in july 2005, Mother Jones sent a writer to a deep-red district in Ohio to follow a candidate in a special House election. For the millions who had mobilized against George W. Bush, the political moment was one of profound despair. Conservative pundits were crowing about a permanent majority. Democrats needed a Joan of Arc; instead they found themselves stuck between timid and triangulating party leaders and progressives captive to academic disquisition and factional purity. Against all that, Paul Hackett was an electrifying figure. A Marine just back from Iraq, he was an unapologetic, populist Democrat who was prone to saying things such as "Bush is a chicken hawk, okay? Tough shit." He was, in other words, very much like the progressive bloggers then coming into their own. Like Hackett, these new pamphleteers had been shaped by a lifetime of watching the disciplined, ruthless Republican message machine. Like him, they were voluble, pissed off, and itching for a fight.
In the end, Hackett didn't deliver the upset that the bloggers who converged on his campaign—setting up their laptops in local taverns and raising almost two-thirds of his $850,000 war chest—had hoped for. But he came close enough to signal the possibility of a new kind of politics, a merger of door-knocking and digital outreach. By 2006, the blogosphere and its organizing and fundraising cohorts (MoveOn, ActBlue, et al.) were forces to be reckoned with, supporting hundreds of feisty Democrats in supposedly impossible districts, and...well, you know the rest.
Of course, blogs—and before them listservs, bulletin boards, and chat rooms—had been around for a while. What changed, somewhere between 2003 and 2006, was that ordinary voters discounted by politics-as-usual began to take part in the rowdy conversation happening online, and some politicians began to listen to it. "Politicians have to understand that the Internet is not just a tool," Howard Dean told Mother Jones as we pulled together this issue's Politics 2.0. cover package. "It's a community of human beings who are tired of what I call the one-way campaign, which began essentially during the Kennedy-Nixon debates. Well, it's not about communicating our message to you anymore; it's about listening to you first before we formulate the message." By which, Dean insists, he doesn't mean just a new way of poll-testing soundbites, but the radical assumption that the people can, and should, drive the political process.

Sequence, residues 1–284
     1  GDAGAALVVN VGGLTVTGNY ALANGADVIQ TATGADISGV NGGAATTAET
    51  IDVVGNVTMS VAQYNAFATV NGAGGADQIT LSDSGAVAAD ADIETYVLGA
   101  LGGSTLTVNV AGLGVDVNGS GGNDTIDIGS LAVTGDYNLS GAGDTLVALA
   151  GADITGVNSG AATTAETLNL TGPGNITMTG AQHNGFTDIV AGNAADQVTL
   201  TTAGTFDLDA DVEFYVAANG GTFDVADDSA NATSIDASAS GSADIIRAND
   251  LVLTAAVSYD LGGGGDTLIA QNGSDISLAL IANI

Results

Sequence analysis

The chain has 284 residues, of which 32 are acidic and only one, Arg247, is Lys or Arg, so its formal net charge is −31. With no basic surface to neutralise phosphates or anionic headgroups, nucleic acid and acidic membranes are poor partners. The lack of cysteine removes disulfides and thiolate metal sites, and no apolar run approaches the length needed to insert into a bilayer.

Let's assume, for a second, that he's right. How did this change come about? In part, inspiration came from a generation of coders raised on peer-to-peer networking and hacker zines like 2600 and Phrack. They believed that true innovation wouldn't be led by top-down commercial enterprises like Microsoft or even Apple, but by an open-source movement that "allows users to create user-generated software content through incremental individual effort or through collaboration," as Wikipedia, the user-generated encyclopedia, puts it (at least as of this writing). The open-source movement gave us nonproprietary platforms, browsers, and frameworks such as Linux, Firefox, and Drupal. But beyond nifty lines of code, there was a much larger philosophical implication: that the masses, given time and free rein, could forge a better, more transparent system.
So the question now is: Can there be such a thing as open-source politics? True believers promise a marriage of freewheeling pluralism and the technological tools to share and refine its goals and strategies. Bottom-up organizing, they promise, will trump top-down messaging; "from many, one" will actually mean something again.
It sounds really appealing. But we live in San Francisco, and saw what happened the last time the tech Kool-Aid was passed around. Innovation was quickly co-opted by the money sloshing about, a sock puppet told us it made perfect sense to ship bulk pet food around the country by air...and, well, you know the rest.
Not only do we have to be wary of the geeks and vcs trying to sell us (literally) on MyDemocracy, but ultimately these are politicians we're talking about—creatures of spin, beholden to many, sincerity challenged, and risk averse. Who says that "listening to the netroots" is not just another "listening tour"?
And what of the glorious netroots? Already we've seen some of these gate-crashers act more like gatekeepers, promoting groupthink, punishing dissent, and growing drunk on the tribute that old-school pols and the msm now provide them. Not only that, but the blogosphere hardly looks like America yet: as Afro-Netizen's Chris Rabb notes, those "who could afford to sleep on Howard Dean's couch in Vermont are the same people who can raise the money to build a digital consultancy or a social networking site." Is democracy's best hope just another—if somewhat bigger and younger—elite? Even if the online conversation broadens, not everyone in the crowd is wise, as the digital road rage in comment threads so often proves. And if you thought Willie Horton and Swift Boating were slimy, wait till every last racist smear or dirty lie finds its way to YouTube or Digg.
Will we supplant a corrupt elite with a tyranny of the masses? Can revolutionaries hold true to their lofty declarations, or will they inevitably be corrupted by power? These are the questions America has been wrestling with since its founding. Countless elections and 231 years later, one thing we can safely say about Politics 2.0 is that everything old is new again.